We will continue to work to save one of West Virginia’s most significant historical resources. We feel that there is a balance that should be sought between historical preservation and the need for jobs in the southern coalfields. We have attempted to seek compromise with coal industry officials by expressing our support for a traditional deep-shaft mine to extract the coal, which would be far less detrimental than the wholesale destruction of surface mining. We would stand-by to advise and work with coal companies in order to best manage and preserve this extremely significant archaeological resource. We feel this would allow us to pass this site on to future generations, create jobs for coal miners (which ostensibly would be union jobs), and generate small business growth in the area from heritage tourism.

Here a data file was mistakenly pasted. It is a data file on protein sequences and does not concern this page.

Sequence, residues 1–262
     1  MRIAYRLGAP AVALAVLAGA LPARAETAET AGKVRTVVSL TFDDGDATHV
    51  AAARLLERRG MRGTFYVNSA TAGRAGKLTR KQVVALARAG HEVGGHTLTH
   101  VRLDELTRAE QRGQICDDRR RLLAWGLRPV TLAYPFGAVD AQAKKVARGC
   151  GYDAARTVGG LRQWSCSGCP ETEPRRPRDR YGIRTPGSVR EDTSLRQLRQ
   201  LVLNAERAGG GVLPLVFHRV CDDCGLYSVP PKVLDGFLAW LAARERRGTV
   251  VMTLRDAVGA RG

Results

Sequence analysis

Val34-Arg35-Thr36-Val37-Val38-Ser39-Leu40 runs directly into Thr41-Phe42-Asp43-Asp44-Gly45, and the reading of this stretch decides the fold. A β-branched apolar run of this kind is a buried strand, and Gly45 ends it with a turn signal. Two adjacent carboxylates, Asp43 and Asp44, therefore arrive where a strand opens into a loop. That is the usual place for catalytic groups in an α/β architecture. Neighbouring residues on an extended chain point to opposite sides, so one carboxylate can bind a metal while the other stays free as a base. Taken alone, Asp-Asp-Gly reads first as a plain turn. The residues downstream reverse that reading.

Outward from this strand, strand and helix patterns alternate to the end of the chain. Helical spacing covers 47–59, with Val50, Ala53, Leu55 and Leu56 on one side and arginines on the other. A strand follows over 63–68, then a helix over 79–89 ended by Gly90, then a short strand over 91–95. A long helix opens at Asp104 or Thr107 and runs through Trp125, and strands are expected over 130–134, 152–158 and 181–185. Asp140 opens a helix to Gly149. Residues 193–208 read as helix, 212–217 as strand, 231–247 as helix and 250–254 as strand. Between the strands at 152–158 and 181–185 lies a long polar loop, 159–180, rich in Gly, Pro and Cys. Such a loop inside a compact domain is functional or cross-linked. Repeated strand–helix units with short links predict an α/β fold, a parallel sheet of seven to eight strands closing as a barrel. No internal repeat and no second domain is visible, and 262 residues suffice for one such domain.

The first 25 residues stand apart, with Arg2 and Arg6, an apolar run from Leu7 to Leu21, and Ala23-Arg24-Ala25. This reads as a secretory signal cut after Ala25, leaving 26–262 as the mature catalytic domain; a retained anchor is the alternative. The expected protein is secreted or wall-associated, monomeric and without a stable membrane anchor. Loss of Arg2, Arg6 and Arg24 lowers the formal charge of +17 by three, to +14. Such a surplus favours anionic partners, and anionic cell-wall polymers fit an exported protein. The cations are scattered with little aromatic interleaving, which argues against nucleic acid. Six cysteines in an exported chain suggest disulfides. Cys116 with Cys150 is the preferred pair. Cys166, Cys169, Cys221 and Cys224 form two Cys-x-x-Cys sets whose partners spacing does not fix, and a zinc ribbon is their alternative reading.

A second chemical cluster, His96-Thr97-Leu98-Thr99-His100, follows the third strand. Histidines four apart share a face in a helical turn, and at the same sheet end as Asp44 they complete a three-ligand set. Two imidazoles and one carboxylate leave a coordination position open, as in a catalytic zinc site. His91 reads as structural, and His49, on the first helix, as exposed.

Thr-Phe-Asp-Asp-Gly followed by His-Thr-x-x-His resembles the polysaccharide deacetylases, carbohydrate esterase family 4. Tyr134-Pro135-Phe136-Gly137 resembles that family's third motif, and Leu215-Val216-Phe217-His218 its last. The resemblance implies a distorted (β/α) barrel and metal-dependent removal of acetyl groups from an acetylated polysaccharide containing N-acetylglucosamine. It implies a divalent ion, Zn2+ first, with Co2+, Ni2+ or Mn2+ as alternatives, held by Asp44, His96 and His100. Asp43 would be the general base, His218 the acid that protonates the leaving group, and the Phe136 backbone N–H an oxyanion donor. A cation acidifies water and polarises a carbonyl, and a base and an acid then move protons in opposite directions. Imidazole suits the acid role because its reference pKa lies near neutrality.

We invite you to join us in our efforts. Due to the threat of destruction, Blair Mountain is once again being remembered and its symbolism of resistance is being reinterpreted and reasserted by labor unions and social justice movements in contemporary struggles. The tradition of the red bandanna that the miners wore in 1921 remains today, worn by those working to correct injustices in the southern coalfields, and is a powerful symbol of our long heritage of resistance and activism.

Put on your work boots, tie a red bandanna around your neck, and get to work.

Via Friends of Blair Mountain blog contains information, history, news, and donation area.

In 1921, Blair Mountain, W. Va., was the site of a major milestone in the history of the labor movement when 15,000 union miners took a stand against the coal industry. This week, Blair Mountain may end up being a new milestone in the movement to abolish mountaintop-removal coal mining and perhaps the larger climate justice movement. Hundreds of activists are recreating the miners’ historic march from Marmet to Blair Mountain to try to protect the controversial historic site from being blown up for the thin seam of coal underneath


Blair Mountain: A new milestone in the climate justice movement?
via Grist, read the rest there.